One small-unit leader said, “I was absorbed with the task and responsibility that I had in front of me, and what I needed from my team. In the process, I had become unmindful to what the needs of my team were…. Now, I understand the importance of motivating the team… rather than giving them a lecture about what the problems were and telling them what to do and how to fix it.”

Top-level commitment, though necessary, is not enough. A passion for small-unit leadership should soak the entire culture of the organization. To grow small-unit leaders, everybody in the organization must cultivate them – spot them early, bring mentors into their lives, set high expectations for them and colleagues and leaders above them, and encourage them to develop leadership in others.

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Maintaining engagement

The persistence of the Engagement Gap proves that efforts to close it – even if initially successful – don’t last. Reasons include an overreliance on surveys, succession issues, operations bias, ignorance of engagement drivers, lack of funding, and management deficiencies.

When workers view engagement efforts as simply one more flavor of the month, long term success cannot be achieved. Engagement efforts must have mechanisms built into them at the beginning that ensure success later.

I worked with a manufacturer that was facing a serious Engagement Gap with its employees. A new CEO was demanding rapid, comprehensive changes in productivity and quality. The top-level push from the CEO’s office led to symptoms of disengagement for the workers at the bottom – absenteeism, high turn-over, mediocre performance, low morale, many complaints, and frequently voiced desires to be back in the good ole days.

I suggested that small-unit leadership is the crown jewel of sustainability, and the first step in getting help from the small-unit leaders was to reverse a great deal of the demand and expectations flow from top-down to bottom-up. Small-unit leaders helped plan new productivity and quality endeavors.

  • I stressed that senior leadership relations with small-unit leaders could not be based on token participation; small-unit leaders had to be viewed as partners.
  • As results-partners, their input into changes in productivity and quality were given priority over senior leaders’ inputs.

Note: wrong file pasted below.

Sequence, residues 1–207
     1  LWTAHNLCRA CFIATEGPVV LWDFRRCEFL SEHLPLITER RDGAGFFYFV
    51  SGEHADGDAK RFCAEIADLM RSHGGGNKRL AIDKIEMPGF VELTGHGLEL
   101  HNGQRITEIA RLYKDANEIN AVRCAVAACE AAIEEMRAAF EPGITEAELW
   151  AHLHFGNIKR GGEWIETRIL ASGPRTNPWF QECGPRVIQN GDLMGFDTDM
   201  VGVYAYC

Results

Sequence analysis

• Small-unit leaders were extensively trained in leadership communication techniques to get broad, deep support from workers.
  • Small-unit leaders were challenged to accomplish new productivity and quality and to take leadership of tasks. They had to exhibit on-going initiative, be advocates for change, develop systems for success, and be accountable for results (or lack thereof).
  • Small-unit leaders’ successes were communicated to and openly celebrated by senior leaders.
  • Small-unit leaders were to communicate the support they needed from senior leaders to accomplish their leadership tasks.

As the CEO said, “I want the support of the teams I lead to continue to work on increasing production throughput and implementing productivity projects. Now, they have a better understanding of possible futures and why there is a need to develop higher line speeds and improve productivity.”

Most manufacturers are, in small and large ways, suffering from an Engagement Gap. Just as an engaged emergency brake curtails the optimal running of a vehicle, an Engagement Gap vitiates every manufacturing function that involves people.

Closing the gap does not entail extraordinary countermeasures. Instead, it demands the help of what is clearly present and immediate in most manufacturing organizations: small-unit leadership.

The Filson Leadership Group Inc.
www.brentfilson.com

About the author: Brent Filson is founder of the Filson Leadership Group Inc. He can be reached at filsonlead@aol.com.